Saturday 2nd June 2012

When the sun came out this afternoon I took the opportunity to grab a bit of time down the allotment. There were loads of people down on site, it was a hive of activity. I was going to do some filming, and got the camera set up and ready to go and then discovered that there was hardly any battery left, I couldn’t even do 1. So that’ll have to wait until hopefully Tuesday. Even still I managed to get a huge amount of weeding done, and am starting to put leaf mould round the plants when I’ve watered them, to hopefully retain moisture and keep the weeds down. The after 2 hours I went home and we had Fajitas for dinner, yum yum!!

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4 Responses to Saturday 2nd June 2012

  1. worldsofdnd says:

    So glad I found this blog! My kids brought home some seeds in pots for runner beans, and I looked up what do with them, and discovered your video on planting beans, and using the twistys to help them climb the canes!

    Reading more on this blog has inspired me, and while I don’t have an allotment I do have quite a large garden, so tomorrow I intend on going out and digging an area over to be my fruit and vegetable patch!

    Do you have any advice on other vegetables and fruit that is good to start planting in the summer, which I could grow alongside the beans?

    The kids love Strawberrys too, so I would like to have a go at growing some too! Am I too late to plant these now?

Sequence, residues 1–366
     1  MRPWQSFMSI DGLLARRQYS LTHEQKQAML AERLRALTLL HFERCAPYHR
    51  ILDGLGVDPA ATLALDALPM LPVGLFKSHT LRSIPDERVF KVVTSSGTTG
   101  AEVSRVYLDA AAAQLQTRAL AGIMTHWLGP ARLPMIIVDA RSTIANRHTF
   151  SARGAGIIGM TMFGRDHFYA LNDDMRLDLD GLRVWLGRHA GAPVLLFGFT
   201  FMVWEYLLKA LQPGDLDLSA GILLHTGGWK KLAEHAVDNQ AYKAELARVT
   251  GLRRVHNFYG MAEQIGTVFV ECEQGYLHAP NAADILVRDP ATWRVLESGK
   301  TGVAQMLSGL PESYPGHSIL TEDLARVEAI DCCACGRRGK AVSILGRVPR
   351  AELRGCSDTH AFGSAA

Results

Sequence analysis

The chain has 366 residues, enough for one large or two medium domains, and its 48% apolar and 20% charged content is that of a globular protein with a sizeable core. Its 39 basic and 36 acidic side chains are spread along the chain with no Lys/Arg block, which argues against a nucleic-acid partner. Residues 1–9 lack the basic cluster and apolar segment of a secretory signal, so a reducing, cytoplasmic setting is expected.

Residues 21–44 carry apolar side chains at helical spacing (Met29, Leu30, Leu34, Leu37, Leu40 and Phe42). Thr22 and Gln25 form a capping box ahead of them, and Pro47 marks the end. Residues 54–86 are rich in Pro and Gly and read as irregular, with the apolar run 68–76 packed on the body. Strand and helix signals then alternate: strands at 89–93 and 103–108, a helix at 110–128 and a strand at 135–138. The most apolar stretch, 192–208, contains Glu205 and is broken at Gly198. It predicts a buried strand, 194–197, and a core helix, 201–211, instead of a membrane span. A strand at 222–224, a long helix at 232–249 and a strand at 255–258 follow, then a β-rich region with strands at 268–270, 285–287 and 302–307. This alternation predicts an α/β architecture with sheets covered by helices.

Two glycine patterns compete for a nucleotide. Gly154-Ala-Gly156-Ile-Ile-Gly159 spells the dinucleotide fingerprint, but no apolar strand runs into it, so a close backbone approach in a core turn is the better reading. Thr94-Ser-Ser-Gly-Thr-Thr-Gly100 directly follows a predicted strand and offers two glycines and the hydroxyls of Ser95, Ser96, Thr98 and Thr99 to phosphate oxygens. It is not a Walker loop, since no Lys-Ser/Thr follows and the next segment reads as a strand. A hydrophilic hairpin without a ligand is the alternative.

Keep up the great work on such a lovely inspirational blog!

    • I’m so glad you find my whitterings useful. You can apply the same principles to growing in your own garden, it’s just that it’s on a smaller scale.
      What I would suggest (as it’s a little too late to sow many seeds) is that you go to the garden centre and buy some plants. I would suggest, 3 or 4 tomatoes (try to get different varieties), a couple of courgettes, mixed lettuce, sweet corn if you can find it (baby corn is fun to grow), some strawberries and if you’ve got a wall or fence a thornless blackberry.
      Basically, plant what you like to eat. What I’ve suggested are all easy to grow and will give you a good amount of produce.
      If you have any question, just ask.
      Have fun,

  2. maritza says:

    Hi Claire, about a month ago I went to get horse manure, the lady said it was 2 years old and would be very good for the vegetables. What I wanted to know whether or not I can use it to plant some of my vegetables i.e: pumpkins, courgettes etc. You see because we have so much rain here in Scotland the pile was very very wet and lumpy, I remember seeing one of your videos preparing the beds for winter where you had a handful of manure and you put it very close to your face and to me it looked like bark. What should I do with the manure that I have in bags? should I keep it in those bags or should I leave it out? can I use it before I plant the vegetables? I did find it a little hard to spread it out in a couple of my beds because it was so wet. Again thank you for your help.

    • I would advise on not sowing the seeds directly into the manure, as it’s not sterile, and new seeds need sterile soil. Once they are large enough to plant in the soil then you can put some manure in the bottom of the hole, and then round the base of the plant. You can spread the manure all over the soil, put it round the base of beans, potatoes, anything really. It’ll work its way down in the soil to the roots. If you are able to gently fork it into the soil then do, but leaving on the surface will be fine.
      I hope that helps.

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